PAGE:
Tony Stewart, driver of the No. 20 Home Depot Chevrolet, and his crew celebrate winning the NASCAR Nextel Cup Series Allstate 400 on Aug. 7, 2005 at the Indianapolis Motor Speedway in Indianapolis, Ind.
Good things come to those who wait. No one knows that better than Columbus, Indiana, native Tony Stewart, who spent an entire decade trying to win on the track he considers sacred ground, Indianapolis Motor Speedway.
Stewart grew up racing on dirt throughout the Midwest, graduating to the Verizon IndyCar Series, where he competed in the Indianapolis 500 five times between 1996 and 2001, twice doing the Indy 500 — Coca-Cola 600 doubleheader. In fact, to this very day, Stewart remains the only man to finish on the lead lap in both races on the same day, an enormous accomplishment.
But Stewart never won the Indy 500 in those five tries, finishing a best of fifth in 1997.
Likewise, in four IROC races from 1998-2002, Stewart managed a runner-up finish, but could never get to Victory Lane.
And Stewart’s first six Brickyard 400s, all with Joe Gibbs Racing, were colossal exercises in frustration: In 2002 and ’03, Stewart led a whopping 103 laps but finished 12th both times.
At long last, Stewart was final able to seal the deal in 2005, when he passed the Ray Evernham-owned Dodge of Kasey Kahne on a restart with 11 laps to go and held on to win by 0.794 seconds in front of a crowd of 280,000 people. It was the realization of a lifetime of hard work and high hopes.
"You dream about something for so long, you become consumed by it," said Stewart. "When I was in USAC trying to make a living as a race-car driver, I drove a tow truck for a guy I raced sprint cars against. I would drive down Georgetown toward 16th Street, parallel with the frontstretch, and wonder what it would be like 300 feet to the left running 200 mph.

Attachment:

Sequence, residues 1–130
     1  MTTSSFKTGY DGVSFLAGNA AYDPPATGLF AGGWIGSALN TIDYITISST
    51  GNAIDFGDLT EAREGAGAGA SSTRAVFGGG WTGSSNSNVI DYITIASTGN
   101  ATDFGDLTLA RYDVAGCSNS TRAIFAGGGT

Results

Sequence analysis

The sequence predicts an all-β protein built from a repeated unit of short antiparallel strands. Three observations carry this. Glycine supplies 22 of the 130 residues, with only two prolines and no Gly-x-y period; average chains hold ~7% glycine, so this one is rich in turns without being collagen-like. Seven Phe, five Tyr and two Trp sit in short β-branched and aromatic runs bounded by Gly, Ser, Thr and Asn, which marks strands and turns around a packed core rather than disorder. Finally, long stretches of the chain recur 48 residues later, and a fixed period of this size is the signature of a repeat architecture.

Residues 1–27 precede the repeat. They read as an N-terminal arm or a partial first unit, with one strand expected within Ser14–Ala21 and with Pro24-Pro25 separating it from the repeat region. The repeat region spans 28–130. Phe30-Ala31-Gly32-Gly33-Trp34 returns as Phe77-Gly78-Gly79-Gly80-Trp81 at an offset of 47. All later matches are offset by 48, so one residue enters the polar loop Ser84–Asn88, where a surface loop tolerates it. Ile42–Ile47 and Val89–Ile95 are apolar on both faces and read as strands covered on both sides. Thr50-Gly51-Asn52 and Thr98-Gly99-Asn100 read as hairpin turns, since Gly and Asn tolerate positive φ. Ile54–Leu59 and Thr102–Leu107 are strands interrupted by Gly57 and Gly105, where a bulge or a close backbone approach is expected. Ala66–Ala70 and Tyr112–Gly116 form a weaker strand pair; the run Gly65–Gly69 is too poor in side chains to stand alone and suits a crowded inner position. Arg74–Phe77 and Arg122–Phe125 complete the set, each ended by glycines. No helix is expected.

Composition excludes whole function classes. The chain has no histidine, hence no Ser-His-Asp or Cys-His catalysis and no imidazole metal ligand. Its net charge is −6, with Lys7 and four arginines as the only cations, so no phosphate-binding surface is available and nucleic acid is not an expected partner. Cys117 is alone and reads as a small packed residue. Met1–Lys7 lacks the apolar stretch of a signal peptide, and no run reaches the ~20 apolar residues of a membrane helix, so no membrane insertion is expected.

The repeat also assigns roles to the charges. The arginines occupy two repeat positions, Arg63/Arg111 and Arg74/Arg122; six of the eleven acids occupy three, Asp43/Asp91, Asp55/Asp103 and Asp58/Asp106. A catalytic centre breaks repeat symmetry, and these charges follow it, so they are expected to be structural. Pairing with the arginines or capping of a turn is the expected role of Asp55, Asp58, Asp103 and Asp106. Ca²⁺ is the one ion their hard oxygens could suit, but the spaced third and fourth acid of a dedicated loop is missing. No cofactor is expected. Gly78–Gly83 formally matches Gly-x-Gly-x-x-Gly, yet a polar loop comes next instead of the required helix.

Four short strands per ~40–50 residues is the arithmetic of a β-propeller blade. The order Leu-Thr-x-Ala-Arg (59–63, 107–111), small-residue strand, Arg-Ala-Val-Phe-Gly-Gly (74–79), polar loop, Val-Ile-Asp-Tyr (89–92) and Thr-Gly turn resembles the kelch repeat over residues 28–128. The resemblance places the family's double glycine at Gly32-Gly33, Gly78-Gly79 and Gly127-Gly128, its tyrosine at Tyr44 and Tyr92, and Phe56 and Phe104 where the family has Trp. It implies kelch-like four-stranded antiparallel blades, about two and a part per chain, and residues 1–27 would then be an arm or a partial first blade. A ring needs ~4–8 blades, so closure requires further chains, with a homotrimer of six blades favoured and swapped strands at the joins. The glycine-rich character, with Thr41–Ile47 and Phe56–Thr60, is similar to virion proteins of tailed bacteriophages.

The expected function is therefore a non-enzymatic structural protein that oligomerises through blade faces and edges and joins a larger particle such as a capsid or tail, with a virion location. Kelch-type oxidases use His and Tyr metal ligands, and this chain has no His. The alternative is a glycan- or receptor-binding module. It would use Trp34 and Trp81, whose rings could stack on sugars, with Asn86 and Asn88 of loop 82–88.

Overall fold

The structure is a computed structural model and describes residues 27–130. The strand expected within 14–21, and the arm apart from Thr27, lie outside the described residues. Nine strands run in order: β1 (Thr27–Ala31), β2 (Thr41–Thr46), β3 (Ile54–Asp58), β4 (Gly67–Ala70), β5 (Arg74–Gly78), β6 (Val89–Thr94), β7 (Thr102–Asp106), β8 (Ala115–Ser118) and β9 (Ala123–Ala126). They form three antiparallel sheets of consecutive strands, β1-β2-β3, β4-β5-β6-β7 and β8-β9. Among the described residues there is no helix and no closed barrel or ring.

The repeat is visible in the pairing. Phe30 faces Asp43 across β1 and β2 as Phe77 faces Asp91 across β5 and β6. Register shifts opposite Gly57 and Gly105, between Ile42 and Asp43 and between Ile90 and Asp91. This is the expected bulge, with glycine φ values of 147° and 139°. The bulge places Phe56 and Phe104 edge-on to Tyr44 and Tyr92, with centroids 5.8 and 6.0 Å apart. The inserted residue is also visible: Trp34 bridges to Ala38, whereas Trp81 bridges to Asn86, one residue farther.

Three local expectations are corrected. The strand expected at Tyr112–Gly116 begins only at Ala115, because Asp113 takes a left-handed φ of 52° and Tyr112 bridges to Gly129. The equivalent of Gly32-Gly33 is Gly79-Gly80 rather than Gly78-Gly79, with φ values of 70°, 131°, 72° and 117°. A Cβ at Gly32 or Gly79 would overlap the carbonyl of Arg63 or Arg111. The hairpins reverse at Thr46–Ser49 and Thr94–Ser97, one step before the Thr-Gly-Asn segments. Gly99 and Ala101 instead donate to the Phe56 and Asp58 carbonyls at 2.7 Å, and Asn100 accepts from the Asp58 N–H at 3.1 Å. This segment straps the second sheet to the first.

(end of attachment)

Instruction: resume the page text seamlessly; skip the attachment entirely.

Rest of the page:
"I got a chance to do that, and finally, after years of trying to win, be it in Indy cars or stock cars, I got to know what it feels like, to see that view coming down the front straightaway, seeing the checkered flag and knowing that I was the first driver to cross the stripe, versus the second, third or fourth-place guy. I had wanted that moment for so long, and I finally got it."
One of the things that made the victory so sweet for Stewart is he knew how tough the race was to win. In fact, 15 of the first 20 Brickyard 400 races were won by guys who were either Sprint Cup champions already or would go on to become champions.
"I think the cream rises to the top," said Stewart, who also went on to win the Brickyard a second time in 2007. "There’s no slouches who win at the Brickyard. It’s always the cream rising to the top for this event.
"It’s always been a racetrack where the guys who are fast all day always end up winning the race. It’s never been a situation where somebody won a race that didn’t earn it and didn’t deserve it," said Stewart. "You don’t get anything easy at Indianapolis. You have to earn it, and if you’re off, you’re not going to win. You can’t make something happen there that isn’t supposed to happen. So if it’s your day, it’s going to be your day, and if you’re off, you’re not going to make it your day by trying harder. You just have to have everything right. It has to be right."